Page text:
The average pack weight for our Rainier climbers is roughly 35-40lbs for our 3.5 day climbs via Camp Muir and the Disappointment Cleaver and roughly 50-55lbs for our Emmons or Kautz Climbers. Below are a few techniques and tips that will help you shave some weight from your pack.
- A lot of people ask if their ski jacket and ski pant will work for the required stormshell layers. The short answer is yes. The long answer is yes but you might want to consider other options: the average ski jacket and ski pants usually weigh twice (sometimes more) what the simplest Gore-tex shell layers do. Consider renting or buying lightweight Gore-tex layers. (Saves 1-2lbs)
- Leave the crampon case behind. They’re great while traveling, but should typically be left in the car while the crampons are strapped to your pack itself. (Saves 4oz.)
- Toiletries: most of this can and should be left at home. All you’ll need on the climb is a small toothbrush and a small tube of toothpaste along with any other absolute must haves… You’ll live without deodorant, lotion, bug spray, facewash, nail trimmers, q-tips, etc. (Saves TBA)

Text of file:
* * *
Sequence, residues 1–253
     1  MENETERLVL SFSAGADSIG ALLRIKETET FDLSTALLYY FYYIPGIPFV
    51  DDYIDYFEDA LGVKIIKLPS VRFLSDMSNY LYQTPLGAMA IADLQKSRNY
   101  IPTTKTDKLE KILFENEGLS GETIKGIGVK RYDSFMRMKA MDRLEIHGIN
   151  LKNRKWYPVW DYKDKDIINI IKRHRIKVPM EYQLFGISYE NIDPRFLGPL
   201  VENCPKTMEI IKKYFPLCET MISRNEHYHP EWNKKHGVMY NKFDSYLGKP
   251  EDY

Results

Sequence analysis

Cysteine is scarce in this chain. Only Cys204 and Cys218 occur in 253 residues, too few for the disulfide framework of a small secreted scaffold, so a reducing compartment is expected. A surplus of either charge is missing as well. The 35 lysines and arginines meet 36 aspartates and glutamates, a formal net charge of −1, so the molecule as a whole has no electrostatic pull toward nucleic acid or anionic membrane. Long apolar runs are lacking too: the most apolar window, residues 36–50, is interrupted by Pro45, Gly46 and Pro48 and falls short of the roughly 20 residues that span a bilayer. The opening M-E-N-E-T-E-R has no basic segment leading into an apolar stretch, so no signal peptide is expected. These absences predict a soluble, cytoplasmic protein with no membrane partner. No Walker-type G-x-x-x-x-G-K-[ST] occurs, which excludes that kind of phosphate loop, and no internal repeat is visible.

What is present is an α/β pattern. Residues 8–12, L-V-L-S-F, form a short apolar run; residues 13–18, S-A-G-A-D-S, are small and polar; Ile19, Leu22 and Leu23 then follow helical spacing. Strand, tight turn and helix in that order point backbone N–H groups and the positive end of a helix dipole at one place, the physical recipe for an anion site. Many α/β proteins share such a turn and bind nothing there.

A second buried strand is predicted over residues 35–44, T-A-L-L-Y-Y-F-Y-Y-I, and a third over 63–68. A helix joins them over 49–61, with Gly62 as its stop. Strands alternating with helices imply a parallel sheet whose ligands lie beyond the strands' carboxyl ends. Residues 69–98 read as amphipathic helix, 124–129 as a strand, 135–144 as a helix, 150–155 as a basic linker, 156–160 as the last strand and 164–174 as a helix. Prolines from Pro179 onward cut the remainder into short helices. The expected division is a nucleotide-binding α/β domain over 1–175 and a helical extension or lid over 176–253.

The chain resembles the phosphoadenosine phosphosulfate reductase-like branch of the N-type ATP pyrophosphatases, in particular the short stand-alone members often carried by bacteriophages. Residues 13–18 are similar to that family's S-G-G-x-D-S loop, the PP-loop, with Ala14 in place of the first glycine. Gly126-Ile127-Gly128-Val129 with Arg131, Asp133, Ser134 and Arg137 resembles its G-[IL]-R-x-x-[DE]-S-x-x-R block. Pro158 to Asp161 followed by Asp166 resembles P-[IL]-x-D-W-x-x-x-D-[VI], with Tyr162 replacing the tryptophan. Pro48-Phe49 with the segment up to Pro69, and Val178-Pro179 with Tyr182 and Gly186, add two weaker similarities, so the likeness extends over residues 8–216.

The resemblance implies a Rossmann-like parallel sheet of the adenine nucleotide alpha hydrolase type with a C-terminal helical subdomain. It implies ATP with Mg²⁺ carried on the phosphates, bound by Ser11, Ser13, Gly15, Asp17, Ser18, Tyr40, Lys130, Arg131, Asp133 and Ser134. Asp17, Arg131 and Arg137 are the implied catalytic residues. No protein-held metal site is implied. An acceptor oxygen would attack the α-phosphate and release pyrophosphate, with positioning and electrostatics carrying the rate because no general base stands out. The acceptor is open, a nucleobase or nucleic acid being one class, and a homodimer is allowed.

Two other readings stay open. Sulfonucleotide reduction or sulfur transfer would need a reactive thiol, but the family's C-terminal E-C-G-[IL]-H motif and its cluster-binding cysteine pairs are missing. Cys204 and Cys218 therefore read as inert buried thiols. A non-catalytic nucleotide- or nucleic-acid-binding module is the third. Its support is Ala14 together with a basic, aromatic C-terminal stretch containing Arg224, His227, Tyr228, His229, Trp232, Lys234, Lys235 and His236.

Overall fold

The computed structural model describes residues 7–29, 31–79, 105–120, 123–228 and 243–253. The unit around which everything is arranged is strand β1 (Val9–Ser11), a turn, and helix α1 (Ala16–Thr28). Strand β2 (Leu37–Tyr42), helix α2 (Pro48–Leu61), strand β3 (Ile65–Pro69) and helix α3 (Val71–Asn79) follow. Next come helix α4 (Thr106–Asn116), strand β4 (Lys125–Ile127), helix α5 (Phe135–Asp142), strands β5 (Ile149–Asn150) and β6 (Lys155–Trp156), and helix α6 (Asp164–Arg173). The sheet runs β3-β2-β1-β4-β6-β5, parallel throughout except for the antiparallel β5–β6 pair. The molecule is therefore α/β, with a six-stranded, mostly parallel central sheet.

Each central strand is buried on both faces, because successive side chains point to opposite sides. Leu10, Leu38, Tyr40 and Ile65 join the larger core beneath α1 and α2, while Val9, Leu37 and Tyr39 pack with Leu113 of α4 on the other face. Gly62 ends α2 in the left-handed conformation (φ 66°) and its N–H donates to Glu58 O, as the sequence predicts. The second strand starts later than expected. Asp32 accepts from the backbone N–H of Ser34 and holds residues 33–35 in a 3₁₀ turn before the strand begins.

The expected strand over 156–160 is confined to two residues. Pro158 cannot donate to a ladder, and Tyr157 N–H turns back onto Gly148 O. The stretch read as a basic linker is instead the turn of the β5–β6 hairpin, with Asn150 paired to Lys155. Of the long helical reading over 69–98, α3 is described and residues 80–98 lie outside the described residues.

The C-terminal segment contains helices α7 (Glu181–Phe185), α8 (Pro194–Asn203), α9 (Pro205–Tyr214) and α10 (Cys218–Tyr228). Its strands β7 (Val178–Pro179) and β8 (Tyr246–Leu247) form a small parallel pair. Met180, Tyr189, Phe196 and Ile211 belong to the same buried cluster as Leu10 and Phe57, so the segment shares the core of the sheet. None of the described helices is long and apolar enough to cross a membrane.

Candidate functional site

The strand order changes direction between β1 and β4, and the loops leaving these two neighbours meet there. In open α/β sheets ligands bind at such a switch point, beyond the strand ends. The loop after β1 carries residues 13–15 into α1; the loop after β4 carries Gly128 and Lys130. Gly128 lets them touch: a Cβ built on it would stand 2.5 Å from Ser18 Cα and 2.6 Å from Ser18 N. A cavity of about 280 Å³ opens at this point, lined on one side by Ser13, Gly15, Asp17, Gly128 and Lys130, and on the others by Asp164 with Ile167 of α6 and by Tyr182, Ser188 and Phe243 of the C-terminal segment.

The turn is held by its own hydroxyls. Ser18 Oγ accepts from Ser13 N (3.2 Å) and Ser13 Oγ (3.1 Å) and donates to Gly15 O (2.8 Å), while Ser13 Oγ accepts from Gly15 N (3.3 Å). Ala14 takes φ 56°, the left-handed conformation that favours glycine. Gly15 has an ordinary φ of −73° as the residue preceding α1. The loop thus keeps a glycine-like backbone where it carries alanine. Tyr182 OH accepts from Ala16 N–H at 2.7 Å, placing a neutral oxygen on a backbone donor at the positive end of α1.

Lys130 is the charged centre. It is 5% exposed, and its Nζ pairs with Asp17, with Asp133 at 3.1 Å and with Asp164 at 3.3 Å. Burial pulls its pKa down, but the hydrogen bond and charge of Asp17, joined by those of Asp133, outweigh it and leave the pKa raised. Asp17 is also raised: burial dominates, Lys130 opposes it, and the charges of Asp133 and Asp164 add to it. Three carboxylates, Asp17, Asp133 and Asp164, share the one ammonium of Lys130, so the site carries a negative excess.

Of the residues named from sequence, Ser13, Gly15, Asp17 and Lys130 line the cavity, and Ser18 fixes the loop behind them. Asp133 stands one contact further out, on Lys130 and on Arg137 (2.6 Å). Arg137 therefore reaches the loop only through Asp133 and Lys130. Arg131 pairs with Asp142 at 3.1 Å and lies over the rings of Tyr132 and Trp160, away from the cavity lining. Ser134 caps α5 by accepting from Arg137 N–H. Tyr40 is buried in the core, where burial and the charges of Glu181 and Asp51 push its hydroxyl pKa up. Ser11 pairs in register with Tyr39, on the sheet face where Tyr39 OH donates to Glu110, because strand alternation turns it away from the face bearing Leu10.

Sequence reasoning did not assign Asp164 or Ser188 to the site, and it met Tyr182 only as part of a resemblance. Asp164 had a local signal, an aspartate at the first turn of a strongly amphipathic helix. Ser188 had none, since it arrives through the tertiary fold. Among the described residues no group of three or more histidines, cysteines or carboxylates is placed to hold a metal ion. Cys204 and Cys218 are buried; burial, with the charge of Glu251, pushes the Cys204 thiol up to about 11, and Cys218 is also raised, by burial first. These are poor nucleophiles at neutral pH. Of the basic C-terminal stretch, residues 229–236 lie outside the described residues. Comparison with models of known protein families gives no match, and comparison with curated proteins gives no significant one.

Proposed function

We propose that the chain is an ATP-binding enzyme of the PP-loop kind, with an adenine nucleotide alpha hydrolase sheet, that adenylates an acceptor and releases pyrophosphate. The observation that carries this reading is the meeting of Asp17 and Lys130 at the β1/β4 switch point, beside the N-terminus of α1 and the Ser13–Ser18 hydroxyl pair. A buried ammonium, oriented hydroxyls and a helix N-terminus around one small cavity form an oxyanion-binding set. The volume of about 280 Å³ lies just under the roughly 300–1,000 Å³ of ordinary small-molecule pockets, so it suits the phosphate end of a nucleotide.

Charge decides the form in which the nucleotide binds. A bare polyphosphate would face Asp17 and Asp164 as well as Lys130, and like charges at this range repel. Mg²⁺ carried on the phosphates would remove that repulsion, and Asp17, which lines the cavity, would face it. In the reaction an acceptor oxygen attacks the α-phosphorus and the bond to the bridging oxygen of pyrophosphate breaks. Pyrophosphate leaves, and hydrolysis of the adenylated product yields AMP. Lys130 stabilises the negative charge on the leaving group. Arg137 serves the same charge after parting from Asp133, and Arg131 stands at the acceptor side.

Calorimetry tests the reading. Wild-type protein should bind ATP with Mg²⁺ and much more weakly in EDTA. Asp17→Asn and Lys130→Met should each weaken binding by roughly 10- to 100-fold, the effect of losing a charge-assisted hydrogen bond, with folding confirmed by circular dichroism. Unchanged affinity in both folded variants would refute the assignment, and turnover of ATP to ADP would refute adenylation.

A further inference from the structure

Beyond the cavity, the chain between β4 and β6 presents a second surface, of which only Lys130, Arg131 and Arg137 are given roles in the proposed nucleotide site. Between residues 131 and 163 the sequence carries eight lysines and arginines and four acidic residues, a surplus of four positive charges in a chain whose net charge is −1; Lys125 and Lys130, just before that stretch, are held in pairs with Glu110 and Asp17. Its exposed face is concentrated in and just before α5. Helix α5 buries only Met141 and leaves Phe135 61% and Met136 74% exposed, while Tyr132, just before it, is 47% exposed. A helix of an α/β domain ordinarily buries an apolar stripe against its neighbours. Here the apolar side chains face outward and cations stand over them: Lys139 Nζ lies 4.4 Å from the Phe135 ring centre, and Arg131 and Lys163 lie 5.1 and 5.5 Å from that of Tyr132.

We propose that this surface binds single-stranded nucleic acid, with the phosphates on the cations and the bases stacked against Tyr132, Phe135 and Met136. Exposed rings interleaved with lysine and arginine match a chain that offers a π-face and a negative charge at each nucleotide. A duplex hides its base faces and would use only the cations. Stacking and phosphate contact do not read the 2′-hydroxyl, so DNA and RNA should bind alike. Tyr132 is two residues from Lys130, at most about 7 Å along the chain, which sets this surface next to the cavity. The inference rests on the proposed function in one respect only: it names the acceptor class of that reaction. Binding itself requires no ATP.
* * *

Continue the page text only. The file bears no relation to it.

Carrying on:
- Sunscreen: You do not need an 8oz tube. For a 3 or 4 day climb a simple 1oz tube along with some chapstick will do just fine. (Saves 7oz)
- How heavy is your actual pack? Some packs weigh in at 7lbs while others come in at 3 or 4lbs. Consider upgrading your pack to save the weight. (Saves 3lbs)
- Personal Food: Don’t try to save weight here. Bring foods you like to eat! Do spend some time thinking/planning your snack consumption for the trip.
- Sleeping Bags: Again there are tons of sleeping bags that will work, but the weight:cost ratio comes back into play here. Example: Feathered Friends 10 Degree Raven bag (2lbs 5oz) vs. other comparable 10 Degree bags in the 3-4lb+ range. (Saves 1lb+)
- The insulated (puffy) jacket. There are a lot of options on the market these days that are ultralight and others that are ultraheavy… For a typical Rainier climb you don’t need the Antarctica Down Suit of jackets, a quality mid-weight puffy is what we’re looking for. A hood is strongly recommended. We rent the Outdoor Research Chaos (21-24oz.). (Possible weight savings 8oz.)
- Extra clothes: you don’t need extra underwear, extra long underwear, extra t-shirts, etc. By the end of the climb we all stink and that’s ok – it sure beats dragging unnecessary items up and down the mountain. (Saves 1lb).
- Cup, bowl, spoon. That’s it for your kitchen needs.
- Compass & GPS: Keep it simple here. Unless you like to follow along these can be left behind. (Saves 6oz)
- Camera, phone, batteries, etc.: Photos are important to everybody so definitely bring your small camera and an extra battery. Cumbersome cameras, lenses get in the way and actually result in fewer photos being taken.
So you can see there are lots of ways to save weight when packing for your next climb. A lot of these come at a financial cost but others are simple and productive. Do your research and you’ll be just fine!